Counties endorse lower White River conservation effort

Pierce and King County have come together to endorse community efforts to protect the natural diversity of the lower White...

Pierce and King County have come together to endorse community efforts to protect the natural diversity of the lower White River between Sumner and Buckley and designate that section of the river as the Lower White River Biodiversity Management Area. In a proclamation issued today, Executive John W. Ladenburg says the county will “recognize, and as appropriate, protect the natural diversity in the Lower White River through planning actions, technical consultations, voluntary conservation and tax incentives and coordinated strategic lands purchases.”

The designated area has been identified as one of 16 unique places in the South Sound that sustains healthy populations of fish, mammals, birds, insects, reptiles, amphibians and plants. Collectively, these areas define a network of biologically important habitats that conserve wildlife and meet human needs, such as providing sources of clean water.

The biodiversity network was defined in 2000 by Pierce Planning and Land Services, Washington Department of Fish and Wildlife, and the University of Washington and includes biologically important areas within Pierce County watersheds and adjacent counties. The network is a nonregulatory approach to conservation and stewardship. The Pierce County Biodiversity Alliance formed to support the implementation of biological surveys and encourage the involvement of citizens in conservation action.

A community organization called the Friends of the Lower White River is now being formed to work for the biodiversity and health of the Lower White River basin and its communities.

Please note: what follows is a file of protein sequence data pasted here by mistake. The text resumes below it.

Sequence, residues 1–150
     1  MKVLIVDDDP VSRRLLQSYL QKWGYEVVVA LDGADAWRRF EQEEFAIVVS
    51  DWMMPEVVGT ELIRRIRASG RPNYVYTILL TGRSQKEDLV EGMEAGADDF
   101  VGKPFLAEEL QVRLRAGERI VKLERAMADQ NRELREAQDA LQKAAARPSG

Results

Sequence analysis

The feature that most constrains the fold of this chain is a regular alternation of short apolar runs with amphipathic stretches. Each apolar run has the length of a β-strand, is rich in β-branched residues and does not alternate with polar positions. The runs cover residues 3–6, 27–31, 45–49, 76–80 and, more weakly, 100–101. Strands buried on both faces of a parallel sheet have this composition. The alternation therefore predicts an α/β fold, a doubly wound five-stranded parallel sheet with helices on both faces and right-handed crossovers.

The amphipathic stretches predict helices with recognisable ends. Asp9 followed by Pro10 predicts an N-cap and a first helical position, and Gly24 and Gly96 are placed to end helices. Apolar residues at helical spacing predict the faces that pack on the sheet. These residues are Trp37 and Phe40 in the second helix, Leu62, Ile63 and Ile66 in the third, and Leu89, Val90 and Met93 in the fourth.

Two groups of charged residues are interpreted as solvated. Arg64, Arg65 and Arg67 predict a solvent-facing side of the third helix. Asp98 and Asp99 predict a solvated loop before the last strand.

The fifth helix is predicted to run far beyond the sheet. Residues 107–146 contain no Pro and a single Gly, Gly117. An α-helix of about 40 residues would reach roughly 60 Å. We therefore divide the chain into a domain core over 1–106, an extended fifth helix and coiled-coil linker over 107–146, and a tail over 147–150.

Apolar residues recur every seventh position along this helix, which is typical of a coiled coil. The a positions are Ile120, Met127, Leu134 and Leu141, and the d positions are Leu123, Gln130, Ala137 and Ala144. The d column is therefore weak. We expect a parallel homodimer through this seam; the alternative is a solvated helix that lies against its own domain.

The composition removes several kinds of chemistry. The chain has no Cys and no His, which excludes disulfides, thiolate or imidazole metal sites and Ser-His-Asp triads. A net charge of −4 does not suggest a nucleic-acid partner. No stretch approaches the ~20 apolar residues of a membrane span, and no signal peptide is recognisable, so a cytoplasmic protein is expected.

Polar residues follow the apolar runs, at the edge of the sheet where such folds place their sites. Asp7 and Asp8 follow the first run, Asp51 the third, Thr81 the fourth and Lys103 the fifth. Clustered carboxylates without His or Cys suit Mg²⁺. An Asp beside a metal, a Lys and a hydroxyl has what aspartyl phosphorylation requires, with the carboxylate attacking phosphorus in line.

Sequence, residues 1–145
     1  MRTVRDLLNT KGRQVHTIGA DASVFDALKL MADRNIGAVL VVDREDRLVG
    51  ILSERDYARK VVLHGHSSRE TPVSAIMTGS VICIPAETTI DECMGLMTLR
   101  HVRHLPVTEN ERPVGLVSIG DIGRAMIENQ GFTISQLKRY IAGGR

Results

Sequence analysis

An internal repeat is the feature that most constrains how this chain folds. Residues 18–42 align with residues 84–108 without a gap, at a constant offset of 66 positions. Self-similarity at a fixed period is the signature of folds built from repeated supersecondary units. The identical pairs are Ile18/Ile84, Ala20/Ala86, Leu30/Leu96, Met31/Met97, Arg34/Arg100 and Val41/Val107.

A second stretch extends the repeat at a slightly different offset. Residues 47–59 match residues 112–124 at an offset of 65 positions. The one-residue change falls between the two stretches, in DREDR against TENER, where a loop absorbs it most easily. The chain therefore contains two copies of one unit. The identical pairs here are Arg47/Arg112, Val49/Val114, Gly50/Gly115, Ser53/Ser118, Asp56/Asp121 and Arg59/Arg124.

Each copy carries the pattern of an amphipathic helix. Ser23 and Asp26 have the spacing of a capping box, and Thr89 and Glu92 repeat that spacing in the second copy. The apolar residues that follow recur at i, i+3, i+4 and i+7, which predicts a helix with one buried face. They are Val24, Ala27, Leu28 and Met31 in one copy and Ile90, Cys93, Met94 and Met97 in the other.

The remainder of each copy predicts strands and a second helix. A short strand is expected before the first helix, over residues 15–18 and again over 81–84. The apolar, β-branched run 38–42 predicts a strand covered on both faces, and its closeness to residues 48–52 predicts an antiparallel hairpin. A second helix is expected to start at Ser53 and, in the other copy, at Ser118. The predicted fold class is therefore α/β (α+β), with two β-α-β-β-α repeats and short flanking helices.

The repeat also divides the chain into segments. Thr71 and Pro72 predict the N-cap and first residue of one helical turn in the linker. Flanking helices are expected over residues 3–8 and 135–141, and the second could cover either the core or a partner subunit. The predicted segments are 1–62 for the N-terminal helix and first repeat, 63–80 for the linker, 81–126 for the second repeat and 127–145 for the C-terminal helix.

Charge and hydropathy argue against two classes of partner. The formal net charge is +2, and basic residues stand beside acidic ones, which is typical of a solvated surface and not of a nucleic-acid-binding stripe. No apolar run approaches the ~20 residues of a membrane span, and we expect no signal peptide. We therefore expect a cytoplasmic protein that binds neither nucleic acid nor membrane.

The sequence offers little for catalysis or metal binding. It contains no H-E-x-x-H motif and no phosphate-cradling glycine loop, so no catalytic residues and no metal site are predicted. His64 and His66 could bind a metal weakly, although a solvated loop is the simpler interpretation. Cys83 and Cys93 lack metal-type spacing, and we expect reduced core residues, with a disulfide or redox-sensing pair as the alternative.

Residents of the Buckley, Sumner and Lake Tapps areas are invited to get involved. More information about the Friends of the Lower White River can be obtained by contacting Jeanne Fancher at PacificNaturalist@clearwire.net .

The Pierce County Biodiversity Alliance has brought together scientists, educators, and volunteers for the conservation and stewardship effort. Participants represent the University of Washington, Tahoma Audubon, Point Defiance Zoo & Aquarium, Northwest Trek Wildlife Park, Tacoma Nature Center, Pierce Conservation District, Washington Department of Fish and Wildlife, National Wildlife Federation, and Pierce and King county governments. Funding support is provided by the Environmental Protection Agency, Washington Biodiversity Council, Point Defiance Zoo & Aquarium and Northwest Trek Wildlife Park. The project is a joint effort of the Puyallup River Watershed Council and the Pierce County Biodiversity Alliance.

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